2 special needs wild horses escape death at roundup

Day 2 of Devil's Garden Roundup courtesy Devils Garden Wild Horses FB Page

Day 2 of Devil’s Garden Roundup courtesy Devils Garden Wild Horses FB Page

Protect Mustangs will help find homes for 2 wild horses who would have been killed at Modoc Forest roundup

ALTURAS, Ca.(September 27, 2016)–Last week Anne Novak, founder and director of Protect Mustangs reached out to U.S. Forest Service staff with an offer to help find homes for any wild horses rounded up with pre-existing conditions–who would be killed–not offered a chance at adoption. Tonight Novak received the first call from Forest Service staff.

“It’s always bothered me that after wild horses heal from injuries and survive in the wild, they are chased by helicopters, rounded up and killed upon capture because they don’t seem like they would get adopted,” says Novak. “Some people don’t want a riding horse. Some people want to save a life.”

So far, two wild horses from the roundup have pre-existing conditions. One is believed to be pigeon toed due to a broken foot that healed in the wild. The other mustang’s condition is unknown at this time.

“They need to go to loving homes to become pets–not riding partners–or go to sanctuaries,” explains Novak. “They have survived in the wild and that’s a harsh life. They deserve our compassion after the roundup and they deserve to live.”

After the mustang protectors make an assessment of the wild horses with pre-existing conditions, a sanctuary might be a more suitable forever home. It’s too early to tell.

These two California wild horses from Modoc County will join their herd-mates at the Bureau of Land Management’s Litchfield holding Corrals near Susanville. There they will be prepared for adoption with the others.

Adoption applications are here: Protect-Mustangs-BLM-facility-adoption-app

    • Cost to adopt is $125.
    • Adoptions by appointment only, call (530) 254-6575.
    • Open Monday through Friday, 7 a.m. to 4 p.m. Summer hours are 6 a.m. to 3 p.m. The facilities are closed on federal holidays. Please call for current information.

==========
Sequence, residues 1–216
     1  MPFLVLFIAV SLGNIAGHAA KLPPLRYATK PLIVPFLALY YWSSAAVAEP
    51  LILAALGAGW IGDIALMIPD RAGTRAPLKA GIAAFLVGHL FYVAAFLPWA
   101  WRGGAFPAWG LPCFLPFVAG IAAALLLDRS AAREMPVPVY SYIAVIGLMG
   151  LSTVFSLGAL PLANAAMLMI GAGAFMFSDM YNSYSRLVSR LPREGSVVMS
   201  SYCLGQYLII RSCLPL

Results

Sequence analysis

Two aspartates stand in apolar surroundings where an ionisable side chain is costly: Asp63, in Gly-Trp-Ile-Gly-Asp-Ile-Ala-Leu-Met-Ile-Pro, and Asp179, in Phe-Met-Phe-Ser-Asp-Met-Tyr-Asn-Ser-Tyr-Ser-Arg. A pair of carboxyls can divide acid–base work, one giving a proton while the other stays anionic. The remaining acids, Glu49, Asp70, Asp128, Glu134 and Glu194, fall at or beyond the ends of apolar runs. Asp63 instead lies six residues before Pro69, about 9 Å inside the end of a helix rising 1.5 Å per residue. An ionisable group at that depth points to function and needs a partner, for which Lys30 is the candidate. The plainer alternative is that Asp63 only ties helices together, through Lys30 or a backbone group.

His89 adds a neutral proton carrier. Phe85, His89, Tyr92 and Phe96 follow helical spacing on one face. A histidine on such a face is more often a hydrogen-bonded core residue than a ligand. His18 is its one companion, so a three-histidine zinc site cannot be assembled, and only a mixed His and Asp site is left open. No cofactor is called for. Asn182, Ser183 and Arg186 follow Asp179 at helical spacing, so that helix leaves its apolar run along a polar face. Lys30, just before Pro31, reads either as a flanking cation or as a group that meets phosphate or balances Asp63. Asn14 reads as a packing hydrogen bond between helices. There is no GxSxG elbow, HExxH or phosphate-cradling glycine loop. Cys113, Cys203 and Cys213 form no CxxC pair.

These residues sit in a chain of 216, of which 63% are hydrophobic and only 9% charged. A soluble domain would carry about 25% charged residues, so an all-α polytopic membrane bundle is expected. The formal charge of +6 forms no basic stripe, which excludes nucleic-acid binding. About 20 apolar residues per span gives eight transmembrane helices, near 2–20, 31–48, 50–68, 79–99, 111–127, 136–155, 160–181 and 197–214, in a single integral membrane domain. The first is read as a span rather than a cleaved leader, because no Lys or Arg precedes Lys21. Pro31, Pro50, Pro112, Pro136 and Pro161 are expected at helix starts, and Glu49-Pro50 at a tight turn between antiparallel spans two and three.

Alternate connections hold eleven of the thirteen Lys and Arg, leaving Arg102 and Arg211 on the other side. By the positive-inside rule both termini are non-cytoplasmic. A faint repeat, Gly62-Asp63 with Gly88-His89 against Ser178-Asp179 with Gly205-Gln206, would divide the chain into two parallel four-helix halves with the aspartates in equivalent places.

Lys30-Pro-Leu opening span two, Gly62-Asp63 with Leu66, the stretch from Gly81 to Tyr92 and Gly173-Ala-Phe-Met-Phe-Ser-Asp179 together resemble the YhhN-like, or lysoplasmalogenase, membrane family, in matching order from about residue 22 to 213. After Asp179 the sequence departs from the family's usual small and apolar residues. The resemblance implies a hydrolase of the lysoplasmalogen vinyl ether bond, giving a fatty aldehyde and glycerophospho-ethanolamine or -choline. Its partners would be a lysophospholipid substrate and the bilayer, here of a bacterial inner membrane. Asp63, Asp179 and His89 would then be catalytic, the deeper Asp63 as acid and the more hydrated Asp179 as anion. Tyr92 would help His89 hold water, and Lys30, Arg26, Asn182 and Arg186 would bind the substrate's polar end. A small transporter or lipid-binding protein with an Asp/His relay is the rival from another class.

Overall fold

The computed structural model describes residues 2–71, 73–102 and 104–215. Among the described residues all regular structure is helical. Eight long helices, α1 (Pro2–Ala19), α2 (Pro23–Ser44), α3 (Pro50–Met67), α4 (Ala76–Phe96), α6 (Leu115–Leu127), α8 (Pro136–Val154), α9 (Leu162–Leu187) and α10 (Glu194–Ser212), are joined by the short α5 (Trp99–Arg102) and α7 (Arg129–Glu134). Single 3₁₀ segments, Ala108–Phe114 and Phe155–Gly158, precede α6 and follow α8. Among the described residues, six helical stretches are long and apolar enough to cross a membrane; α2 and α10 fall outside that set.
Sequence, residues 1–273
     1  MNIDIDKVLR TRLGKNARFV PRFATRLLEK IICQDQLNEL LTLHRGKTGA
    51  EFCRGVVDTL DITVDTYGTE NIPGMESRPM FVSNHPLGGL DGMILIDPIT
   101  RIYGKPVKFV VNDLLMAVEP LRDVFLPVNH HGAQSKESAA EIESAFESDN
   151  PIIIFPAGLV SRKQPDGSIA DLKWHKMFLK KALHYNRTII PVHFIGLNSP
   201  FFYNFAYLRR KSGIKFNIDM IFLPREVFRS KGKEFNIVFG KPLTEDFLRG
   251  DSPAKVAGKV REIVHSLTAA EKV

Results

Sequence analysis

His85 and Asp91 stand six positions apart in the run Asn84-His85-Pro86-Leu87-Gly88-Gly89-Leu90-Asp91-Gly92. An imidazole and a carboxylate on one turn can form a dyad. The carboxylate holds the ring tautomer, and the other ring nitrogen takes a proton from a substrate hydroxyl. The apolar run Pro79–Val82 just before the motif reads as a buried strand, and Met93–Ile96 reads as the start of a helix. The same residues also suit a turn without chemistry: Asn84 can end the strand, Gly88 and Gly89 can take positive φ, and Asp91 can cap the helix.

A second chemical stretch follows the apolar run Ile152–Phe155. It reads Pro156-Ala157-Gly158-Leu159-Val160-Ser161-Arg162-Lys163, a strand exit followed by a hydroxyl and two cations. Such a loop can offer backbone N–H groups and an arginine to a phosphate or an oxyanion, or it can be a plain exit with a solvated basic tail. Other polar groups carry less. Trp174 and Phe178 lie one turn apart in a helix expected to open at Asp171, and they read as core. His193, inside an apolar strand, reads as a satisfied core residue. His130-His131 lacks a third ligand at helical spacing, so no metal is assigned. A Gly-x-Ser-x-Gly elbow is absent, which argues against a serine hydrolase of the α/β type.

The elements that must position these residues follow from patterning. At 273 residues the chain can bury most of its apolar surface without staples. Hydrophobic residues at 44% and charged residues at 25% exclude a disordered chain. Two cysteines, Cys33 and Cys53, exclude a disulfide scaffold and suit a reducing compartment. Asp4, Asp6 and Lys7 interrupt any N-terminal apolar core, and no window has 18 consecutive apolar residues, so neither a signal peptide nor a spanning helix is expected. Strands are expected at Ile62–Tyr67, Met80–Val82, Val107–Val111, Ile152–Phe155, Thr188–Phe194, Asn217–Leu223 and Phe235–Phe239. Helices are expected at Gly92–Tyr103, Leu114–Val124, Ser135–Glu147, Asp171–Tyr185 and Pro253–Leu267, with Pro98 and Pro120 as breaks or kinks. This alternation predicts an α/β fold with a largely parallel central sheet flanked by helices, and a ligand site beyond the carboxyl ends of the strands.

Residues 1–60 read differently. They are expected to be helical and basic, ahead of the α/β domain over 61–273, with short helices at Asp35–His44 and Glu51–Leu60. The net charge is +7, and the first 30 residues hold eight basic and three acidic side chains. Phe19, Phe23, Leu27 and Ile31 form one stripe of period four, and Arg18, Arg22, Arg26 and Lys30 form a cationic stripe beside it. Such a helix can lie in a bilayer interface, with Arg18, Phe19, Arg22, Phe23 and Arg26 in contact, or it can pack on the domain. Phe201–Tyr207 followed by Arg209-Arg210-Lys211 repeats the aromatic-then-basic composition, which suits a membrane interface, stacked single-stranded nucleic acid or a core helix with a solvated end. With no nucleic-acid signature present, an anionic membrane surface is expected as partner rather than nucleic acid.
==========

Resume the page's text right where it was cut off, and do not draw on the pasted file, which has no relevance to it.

• Information is available 24 hours a day by calling 1-800-545-4256.
    • Completed adoption applications can be sent to Videll Retterath by e-mail vrettera@blm.gov or fax (530)252-6762.
    • The Corrals are located 21 miles east of Susanville , CA on US Highway 395.
    • Adopters receive title to wild horses after one year

Protect Mustangs will post photos as soon as we get them. Tax-deductible Gas donations are always needed to help us help the wild ones.


Photo by the US Forest Service

Members of the public with questions about the BLM’s requirements for adoption, questions about the wild horses with pre-existing conditions, who want to help network homes for wild horses who would be killed for pre-existing conditions, need trainer referrals, or want some tips on how to build an inexpensive shelter are invited to email the mustang protectors at Contact@ProtectMustangs.org

“I pray we can change the trend of killing special needs wild horses at roundups,” says Novak. ‘Someone’s going to fall in love with them. After all they’re still American mustangs.”

Protect Mustangs is a 501c3 nonprofit organization dedicated to the protection and preservation of native and wild horses. www.ProtectMustangs.org

12 thoughts on “2 special needs wild horses escape death at roundup

  1. Please have a heart if you have land and love animals take one of these beautiful animals in, they will give you back more pleasure than money could ever buy.

  2. Please help Protect Mustangs find forever homes for the American Wild Horses they are our history, Our Icon. Thank you.

  3. Please listen to your heart! And do the RIGHT THING! HELP save these Animals! And adopt! Thank you!

  4. I have found over the years that taking animals with a problem has been very rewarding. Wild mustangs are amazing and beautiful horses. They are strong and learn to survive with their problems. Why kill those with a bad foot ect ect? Seeing them in your pasture knowing you are giving them life not a death sentence is very rewarding. Thanks Anne Novak for bringing this into the light. You are a very dear person for sharing this.
    All who can help these 2 wild iconic horses or others like them please do.

  5. Thank you to everyone who tries to make a difference. I have had mustangs since 1987, and while I have taken in many rescue horses that others did nothing to help, my heart still belongs to the mustangs.

  6. Animal cruelty is now reported t FBI. BLM is cattlemen who want lands for their cattle and the American Heritage horses killed. Bundy didn’t get away with what he was trying.

  7. Even if you cannot adopt a wild mustang because you don’t have a place, you can still donate money to a sanctuary or rescue ranch who will feed, give medical attention, and home them to prevent them from going to slaughter. Your monetary support can be as useful even if you don’t have a home for them. Anne Novak, thank you for being the Mother Theresa of Americas wild mustangs!!!

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